Nov 30, 2010
    Each problem might need a different solution. If you have little voltage to spare, a nanohenry choke can be installed to help the capacitor do its filtering. If you can get along while losing half a volt or a whole volt, a resistor is cheaper than an inductor.

    Noise is caused inside switching chips. The circuit board traces contain nanohenries. Usually, that is enough when you add a small ceramic capacitor. If it isn't enough, you add some nanohenries.
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  3. cmartinez

    AAC Fanatic!

    Jan 17, 2007
    My knowledge of electronics is not as deep as that of some members of this forum. But I've designed several circuits in the past involving both analog and digital electronic components in the same PCB. Most of the time in which noise was an issue, it was caused mainly by the switching of digital ICs. I can tell you that I learned the hard way that component placement in a PCB, as well as the way its traces are laid out (and if it's a 2 or 4-layer PCB) , are extremely important factors that contribute to noise transferred to the analog part of the circuit.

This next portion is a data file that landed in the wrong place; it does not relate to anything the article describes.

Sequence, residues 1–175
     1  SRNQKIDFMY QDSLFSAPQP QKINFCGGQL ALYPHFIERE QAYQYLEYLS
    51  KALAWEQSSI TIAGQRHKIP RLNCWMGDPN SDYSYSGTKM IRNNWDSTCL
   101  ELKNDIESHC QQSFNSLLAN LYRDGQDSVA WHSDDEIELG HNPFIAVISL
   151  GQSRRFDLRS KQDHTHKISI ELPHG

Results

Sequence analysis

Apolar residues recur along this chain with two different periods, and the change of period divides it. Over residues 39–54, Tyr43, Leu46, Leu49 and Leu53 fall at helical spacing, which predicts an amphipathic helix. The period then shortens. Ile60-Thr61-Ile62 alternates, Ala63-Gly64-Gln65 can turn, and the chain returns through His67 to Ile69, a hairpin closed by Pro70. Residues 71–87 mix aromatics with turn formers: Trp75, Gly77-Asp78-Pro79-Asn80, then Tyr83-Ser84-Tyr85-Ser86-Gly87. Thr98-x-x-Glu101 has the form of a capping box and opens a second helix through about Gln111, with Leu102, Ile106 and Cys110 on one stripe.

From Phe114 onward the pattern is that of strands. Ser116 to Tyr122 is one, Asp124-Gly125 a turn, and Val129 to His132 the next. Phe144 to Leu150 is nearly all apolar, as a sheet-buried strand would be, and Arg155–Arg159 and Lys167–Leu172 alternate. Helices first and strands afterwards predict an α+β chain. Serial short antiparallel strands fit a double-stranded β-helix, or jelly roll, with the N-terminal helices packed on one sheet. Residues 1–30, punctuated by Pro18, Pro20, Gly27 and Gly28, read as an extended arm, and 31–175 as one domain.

Also, grounding paths are critical. It's important to physically separate the analog part from the digital part of the circuit. And to make sure that its ground paths are also separate. A single point to which all grounds are connected is a common PCB layout technique.

    Another couple of observations: Never use an ordinary switching power supply to power analog circuitry whose noise you want to minimize. Either use a linear regulator, or a filtered power supply for this purpose. I've also opted for using separate linear regulator ICs to power the analog and digital parts of a circuit separately, even when they both use the same voltage level.